…yet, 245 years later, that goal and objective has been an abject failure.

    The Founders wrestled with the idea of majority rule, and it became apparent to them that one potential problem might be a ‘tyranny of the majority’ (I’m not sure if that phrase was coined by them, but it is common today). While they may have put a great deal of thought into the problem, they provided little in the way of provisions within the constitution. To this date, the only recognition of the potential for a tyranny of a majority, in the Constitution, is the requirement for a supermajority in cases of amendments to the constitution, or in the case of impeachment. There is no other requirement for a consensus rising above a simple majority in any legislative deliberation…

    …other than what Congress decided to impose, by right of its ability to define it’s own rules… and there is where the problem is.

    ---

    We can measure how successful a democracy is by whether its legislative actions reflect any reasonable assessment of the will of the people, and by that measure, we have failed miserably. There are countless issues we could look at to prove the case.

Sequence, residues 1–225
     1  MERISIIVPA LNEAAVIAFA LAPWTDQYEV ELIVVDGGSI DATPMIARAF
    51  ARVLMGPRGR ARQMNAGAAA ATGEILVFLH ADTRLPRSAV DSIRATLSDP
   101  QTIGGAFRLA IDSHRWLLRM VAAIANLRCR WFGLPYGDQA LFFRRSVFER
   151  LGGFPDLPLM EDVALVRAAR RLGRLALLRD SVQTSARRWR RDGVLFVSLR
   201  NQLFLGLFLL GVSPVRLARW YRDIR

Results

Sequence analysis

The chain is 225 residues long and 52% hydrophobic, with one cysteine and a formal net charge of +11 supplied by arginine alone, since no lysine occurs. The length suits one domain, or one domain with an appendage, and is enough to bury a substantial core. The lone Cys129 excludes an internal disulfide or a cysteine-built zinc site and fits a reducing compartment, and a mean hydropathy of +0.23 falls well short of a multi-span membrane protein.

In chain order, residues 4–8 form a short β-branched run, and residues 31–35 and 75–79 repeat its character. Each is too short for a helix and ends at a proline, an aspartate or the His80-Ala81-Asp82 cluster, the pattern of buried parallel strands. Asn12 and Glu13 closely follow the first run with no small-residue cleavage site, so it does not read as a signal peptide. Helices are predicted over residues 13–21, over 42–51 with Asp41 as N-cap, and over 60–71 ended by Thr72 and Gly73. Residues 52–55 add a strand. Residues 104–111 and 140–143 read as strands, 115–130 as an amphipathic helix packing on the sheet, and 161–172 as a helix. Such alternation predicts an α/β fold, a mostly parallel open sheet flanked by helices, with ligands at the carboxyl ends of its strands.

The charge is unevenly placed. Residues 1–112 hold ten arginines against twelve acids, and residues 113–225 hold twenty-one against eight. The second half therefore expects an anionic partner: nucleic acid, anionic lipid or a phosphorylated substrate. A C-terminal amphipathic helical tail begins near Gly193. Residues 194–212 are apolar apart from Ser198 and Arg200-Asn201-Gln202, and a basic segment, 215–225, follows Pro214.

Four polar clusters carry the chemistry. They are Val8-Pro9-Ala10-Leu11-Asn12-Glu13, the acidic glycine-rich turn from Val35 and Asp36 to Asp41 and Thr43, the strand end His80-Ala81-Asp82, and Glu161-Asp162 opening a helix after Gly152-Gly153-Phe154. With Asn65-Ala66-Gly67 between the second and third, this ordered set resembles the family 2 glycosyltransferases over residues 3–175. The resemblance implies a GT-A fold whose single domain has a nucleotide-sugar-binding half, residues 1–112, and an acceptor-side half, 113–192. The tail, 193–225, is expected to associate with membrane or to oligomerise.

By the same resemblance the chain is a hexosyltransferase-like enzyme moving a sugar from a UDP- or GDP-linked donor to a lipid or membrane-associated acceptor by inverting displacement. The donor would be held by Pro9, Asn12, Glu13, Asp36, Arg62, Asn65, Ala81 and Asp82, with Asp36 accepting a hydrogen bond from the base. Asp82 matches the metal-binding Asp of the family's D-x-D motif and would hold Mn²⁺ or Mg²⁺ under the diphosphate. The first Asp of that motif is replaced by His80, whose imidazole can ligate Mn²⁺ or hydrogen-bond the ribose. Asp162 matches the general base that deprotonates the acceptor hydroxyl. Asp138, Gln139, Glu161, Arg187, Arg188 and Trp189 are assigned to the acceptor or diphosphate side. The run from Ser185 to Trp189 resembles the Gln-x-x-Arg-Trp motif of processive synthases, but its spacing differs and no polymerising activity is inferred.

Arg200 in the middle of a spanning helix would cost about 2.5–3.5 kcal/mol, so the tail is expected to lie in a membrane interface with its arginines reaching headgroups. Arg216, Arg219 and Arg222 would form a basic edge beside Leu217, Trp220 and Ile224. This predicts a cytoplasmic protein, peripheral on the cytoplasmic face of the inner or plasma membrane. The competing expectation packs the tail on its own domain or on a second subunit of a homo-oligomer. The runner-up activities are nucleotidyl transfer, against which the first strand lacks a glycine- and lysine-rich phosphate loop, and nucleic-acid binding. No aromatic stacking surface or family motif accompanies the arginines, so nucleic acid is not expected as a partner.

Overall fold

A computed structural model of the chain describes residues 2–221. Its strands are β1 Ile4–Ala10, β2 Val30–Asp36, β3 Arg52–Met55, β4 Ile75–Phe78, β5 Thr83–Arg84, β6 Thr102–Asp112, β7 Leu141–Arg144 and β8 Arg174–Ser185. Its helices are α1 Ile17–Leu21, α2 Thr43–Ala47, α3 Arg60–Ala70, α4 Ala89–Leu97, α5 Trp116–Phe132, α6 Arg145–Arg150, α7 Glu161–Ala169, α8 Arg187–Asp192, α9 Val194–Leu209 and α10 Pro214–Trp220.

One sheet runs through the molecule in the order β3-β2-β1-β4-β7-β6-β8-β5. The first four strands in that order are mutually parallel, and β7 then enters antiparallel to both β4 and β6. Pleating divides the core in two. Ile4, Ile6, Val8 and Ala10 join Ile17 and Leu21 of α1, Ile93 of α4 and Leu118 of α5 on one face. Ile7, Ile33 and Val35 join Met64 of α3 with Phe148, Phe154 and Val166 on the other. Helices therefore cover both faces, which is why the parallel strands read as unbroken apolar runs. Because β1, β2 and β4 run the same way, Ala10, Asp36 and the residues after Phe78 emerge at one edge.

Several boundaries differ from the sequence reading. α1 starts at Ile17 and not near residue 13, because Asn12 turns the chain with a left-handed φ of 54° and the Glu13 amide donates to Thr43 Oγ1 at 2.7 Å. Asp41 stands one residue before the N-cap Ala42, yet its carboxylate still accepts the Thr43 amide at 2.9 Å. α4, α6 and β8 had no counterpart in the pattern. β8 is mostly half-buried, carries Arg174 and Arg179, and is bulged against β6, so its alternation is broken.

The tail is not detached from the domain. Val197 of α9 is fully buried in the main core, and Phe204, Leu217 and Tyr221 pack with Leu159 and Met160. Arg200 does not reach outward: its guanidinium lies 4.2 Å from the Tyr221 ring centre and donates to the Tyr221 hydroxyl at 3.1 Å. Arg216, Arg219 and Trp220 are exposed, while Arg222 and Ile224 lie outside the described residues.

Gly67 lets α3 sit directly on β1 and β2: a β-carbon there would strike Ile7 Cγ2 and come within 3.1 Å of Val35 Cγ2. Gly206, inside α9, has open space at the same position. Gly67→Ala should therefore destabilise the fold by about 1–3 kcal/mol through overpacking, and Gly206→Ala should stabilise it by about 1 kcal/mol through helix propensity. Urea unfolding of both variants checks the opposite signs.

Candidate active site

What about ‘Medicare for All’? 70% of the population supports it.
    What about abortion? 61% of the public supports a woman’s right to choose.
    Citizenship for illegal immigrants? According to Gallup, 87% of the public are generally in favor of it.

    These issues are more nuanced that the statistics above might imply, but it is nonetheless true that there is a massive disconnect between the ‘will of the people’, and the will of the people we send to Washington to represent us.

    ---

    There are a number of reasons for this disconnect, and they especially include gerrymandering. Anyone who has examined this issue knows about the ability of a state legislature to draw impossibly convoluted congressional districts to give an advantage to one party, and historically, it’s been a bipartisan corrupt practice… but more recently, almost the exclusive tool of Republicans. The result: the party which does the gerrymandering ends up with representation in congress significantly in excess of the support within the state; not exactly a recipe for fair representation of the constituent’s interests.

    ---

    The real problem, however, lies in the filibuster.

    Many people falsely think of a filibuster as a single parliamentary technique, but the word actually implies any rules-based technique designed to delay or obstruct the ability of Congress to vote on an issue. The days of the ‘talking filibuster’ (think James Stewart, in ‘Mr. Smith Comes to Washington’) are long over. Nowadays, the power of the filibuster resides in something called cloture.